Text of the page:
Walk with Walgreens: How Walgreens engaged consumers to walk in order to gain loyalty points

By Kathryn Bauer

What?

Like CVS, Rite Aid, and some other stores, Walgreens also tries to encourage wellness. They knew they needed to have a more active role in encouraging people’s health in order to pull away from competition, so they decided to create a loyalty program where consumers could be rewarded points by simply walking and tracking their steps. This campaign can be seen as using the participation-led orchestration since it created an experience for its consumers, encouraging them to exercise in order to accumulate loyalty points to be used in the stores.

Who?

Walgreens targeted both current and prospective consumers—like those who shopped at CVS, or some other competitor, over Walgreens. Walgreens discovered that a good amount of people want to adopt healthier, better habits but have a hard time sticking through with it: the purpose of the loyalty program would be to speak to those who need just a little more incentive in order to be healthier by exercising more.

Why?

The main problem Walgreens was trying to solve would be to gain market share and rise above its competition by playing a more active role with its consumers, as well as prospective consumers, in trying to promote better health and wellness. The values, though, that the loyalty program served for consumers would be incentives and unique/social values—along with providing an incentive for the consumers to walk more in order to turn steps into points to be used in the stores, the loyalty program also provided the social value of encouraging people to be healthier, as well as feeling better about themselves.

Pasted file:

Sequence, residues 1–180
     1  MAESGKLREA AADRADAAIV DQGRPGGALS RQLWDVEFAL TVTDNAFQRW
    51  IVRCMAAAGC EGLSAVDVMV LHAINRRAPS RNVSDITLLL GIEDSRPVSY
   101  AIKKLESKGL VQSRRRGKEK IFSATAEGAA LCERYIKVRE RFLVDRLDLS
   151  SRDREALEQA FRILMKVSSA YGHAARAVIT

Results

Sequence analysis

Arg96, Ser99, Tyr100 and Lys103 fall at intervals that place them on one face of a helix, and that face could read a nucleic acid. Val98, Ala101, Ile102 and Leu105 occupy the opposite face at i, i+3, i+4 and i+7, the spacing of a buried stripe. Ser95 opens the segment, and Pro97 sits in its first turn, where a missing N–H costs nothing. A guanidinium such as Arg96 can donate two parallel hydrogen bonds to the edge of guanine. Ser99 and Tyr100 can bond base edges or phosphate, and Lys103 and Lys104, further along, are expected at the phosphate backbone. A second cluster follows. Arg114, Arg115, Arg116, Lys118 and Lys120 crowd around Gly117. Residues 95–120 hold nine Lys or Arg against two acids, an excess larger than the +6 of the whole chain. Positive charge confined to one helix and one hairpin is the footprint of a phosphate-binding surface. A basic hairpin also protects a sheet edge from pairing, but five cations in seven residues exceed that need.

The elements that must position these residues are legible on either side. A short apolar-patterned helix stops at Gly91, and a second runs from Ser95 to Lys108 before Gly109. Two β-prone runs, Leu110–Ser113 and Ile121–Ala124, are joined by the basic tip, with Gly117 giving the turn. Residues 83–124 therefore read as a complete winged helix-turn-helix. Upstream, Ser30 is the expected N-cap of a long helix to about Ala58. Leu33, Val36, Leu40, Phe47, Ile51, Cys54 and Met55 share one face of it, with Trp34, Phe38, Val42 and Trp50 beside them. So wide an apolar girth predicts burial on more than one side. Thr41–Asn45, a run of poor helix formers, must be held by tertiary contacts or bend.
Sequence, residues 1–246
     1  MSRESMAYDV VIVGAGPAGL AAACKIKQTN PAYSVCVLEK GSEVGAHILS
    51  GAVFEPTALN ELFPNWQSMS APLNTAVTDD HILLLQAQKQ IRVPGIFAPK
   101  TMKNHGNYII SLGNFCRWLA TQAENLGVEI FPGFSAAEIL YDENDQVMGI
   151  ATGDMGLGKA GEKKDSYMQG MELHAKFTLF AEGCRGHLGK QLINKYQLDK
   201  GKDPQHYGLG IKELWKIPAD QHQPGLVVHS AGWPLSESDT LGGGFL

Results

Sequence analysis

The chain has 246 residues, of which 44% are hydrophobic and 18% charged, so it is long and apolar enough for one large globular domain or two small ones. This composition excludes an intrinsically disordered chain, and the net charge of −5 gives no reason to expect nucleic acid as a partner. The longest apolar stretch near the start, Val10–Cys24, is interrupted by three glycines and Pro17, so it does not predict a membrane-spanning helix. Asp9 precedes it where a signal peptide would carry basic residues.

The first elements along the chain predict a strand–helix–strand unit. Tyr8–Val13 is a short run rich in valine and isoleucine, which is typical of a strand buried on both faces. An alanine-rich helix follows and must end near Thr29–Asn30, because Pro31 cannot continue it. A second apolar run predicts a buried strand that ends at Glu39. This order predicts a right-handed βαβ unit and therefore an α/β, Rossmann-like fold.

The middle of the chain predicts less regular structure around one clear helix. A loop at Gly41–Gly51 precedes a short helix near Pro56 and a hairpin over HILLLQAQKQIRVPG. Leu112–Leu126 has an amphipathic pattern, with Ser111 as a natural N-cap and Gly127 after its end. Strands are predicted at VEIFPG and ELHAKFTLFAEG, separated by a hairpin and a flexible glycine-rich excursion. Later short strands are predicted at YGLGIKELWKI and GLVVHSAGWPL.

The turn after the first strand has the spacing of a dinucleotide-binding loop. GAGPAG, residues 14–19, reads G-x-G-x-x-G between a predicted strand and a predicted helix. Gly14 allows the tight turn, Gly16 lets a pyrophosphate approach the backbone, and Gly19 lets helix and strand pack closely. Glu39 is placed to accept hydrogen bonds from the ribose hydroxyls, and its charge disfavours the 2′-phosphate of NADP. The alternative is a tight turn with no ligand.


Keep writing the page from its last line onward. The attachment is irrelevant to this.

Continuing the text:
Where?

Walgreens used in-store marketing to encourage people to register, targeted Walgreens shoppers by email and social media, encouraged word-of-mouth by issuing shareable video content, as well as various other promotion techniques in order to spread the word. When people wanted to sign up, they were given a pedometer and a free starter kit, as well as access to an online site where they could submit their progress and earn instant rewards.

Why it makes sense for that brand to do- the brand purpose and audience insight

With Walgreens’ main purpose being to promote and encourage health and wellness for its consumers, creating a loyalty program where consumers can earn points to be redeemed in stores by them engaging in exercise, they could not have thought of a better way to connect with their consumers by further promoting their main purpose—wellness.

How measure success?

Walgreens tracked success in this campaign by monitoring the participation rate from consumers, as well as tracking awareness for the store and the campaign. It also tracked how brand image and store consideration increased by issuing surveys, as well as its ROI.

(Owned Media, Earned Media, Paid Media, Walgreens, Walking, Health. These are my tags)

Sources:

https://0-www.warc.com.library.unl.edu/Content/ContentViewer.aspx?MasterContentRef=54f19a56-319c-4870-91a9-fb668ab7e5e3&q=owned+media&CID=A96865&PUB=EFFIES

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